Children as in plural and not all hers, because Scarlett conveniently has two friends over for a playdate, company for the trip to the doctor and witness to the drama. Of course, everything is better with an audience. Now company for the audition.

While roaring to the pharmacy with Scarlett languishing on her friends' shoulders (really, she is ready to play the role of the consumptive 19th century woman, fading), the cell phone rings.

Pharmacy: "We don't have the medication. We have to order it for tomorrow."

Scarlett: "MY AUDITION! How can I audition?"

Matron to Pharmacy: "Can we get this somewhere else?"

So the Pharmacist calls all the numbers in his arsenol, including two hospital pharmacies. Nobody has that damn medication. The pharmacy has to order it so it won't be avaliable until 10 am tomorrow. Mind you, the last half hour of pain negotation as taken place in rush hour traffic. They are halfway to the audition, which is in a western suburb.

Matron: "Scarlett, are you going to be okay to do this?"

Scarlett: "I don't want to go. I don't want to audition."

The Matron has spent the past three hours trying trying to get her daughter to feel good enough for this audition, in direct response to her daughter's panic about said audition. Three hours.

Matron: "Is this because you're eye hurts or because you really don't want to do the show?"

Scarlett (sighs -- instantly without pain, as if suddenly bored or nearly asleep): "I don't want to do the show. I'm not interested."

They are 20 minutes into a 30 minute drive to get there. The Matron thought she just might pull over and die. Or kill someone.

Matron: "Why didn't you tell me this sooner? Like an hour ago? Or yesterday?"

Scarlett: "I just decided."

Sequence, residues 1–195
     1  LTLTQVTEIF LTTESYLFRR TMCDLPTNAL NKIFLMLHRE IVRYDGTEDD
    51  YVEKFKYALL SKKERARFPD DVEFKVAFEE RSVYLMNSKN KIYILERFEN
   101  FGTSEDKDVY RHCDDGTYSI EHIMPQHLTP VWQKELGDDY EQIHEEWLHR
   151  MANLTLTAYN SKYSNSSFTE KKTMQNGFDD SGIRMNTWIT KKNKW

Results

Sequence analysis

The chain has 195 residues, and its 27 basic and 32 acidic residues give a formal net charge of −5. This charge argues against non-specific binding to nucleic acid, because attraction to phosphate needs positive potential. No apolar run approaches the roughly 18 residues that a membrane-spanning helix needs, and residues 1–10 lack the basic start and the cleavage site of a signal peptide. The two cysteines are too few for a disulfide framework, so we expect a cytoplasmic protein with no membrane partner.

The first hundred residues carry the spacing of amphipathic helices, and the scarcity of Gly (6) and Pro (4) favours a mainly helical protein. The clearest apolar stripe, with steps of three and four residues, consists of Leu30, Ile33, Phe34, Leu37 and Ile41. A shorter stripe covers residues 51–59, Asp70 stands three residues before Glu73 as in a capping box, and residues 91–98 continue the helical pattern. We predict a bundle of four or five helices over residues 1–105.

Friends, the Stage Mother that says 'follow the child' without comment wanted to say 'okay,' turn around and go home. The manic furious mama who just spent her entire afternoon catering to the needs of this child wanted to shame her (yes, make her feel BAD), toss AN ENORMOUS tantrum and drink an entire bottle of wine. The third part of her wanted to show her daughter that when one draws other people into a commitment, that commitment must be kept.

She kept driving.

Matron: "Scarlett, we're on our way and it would be rude to waste my time by not going."

No comment from the netherlands, where Scarlett continued to hold her eye and moan. A few minutes later. . . .

Matron: "We're here."

Scarlett: "I was just telling these guys that I really hope I get this role. It's a great role."

Matron: "I thought you didn't want to audition."

Scarlett: "I changed my mind when I saw the building. It's a cool building."

Here, the Matron experienced the tantrum-bottle of wine-sensation again-- a not unpleasant out of body event that turns her several lovely shades of greenish red. Yes, a color that is greenish red really does exist but you have to be one of Scarlett's parents to see this.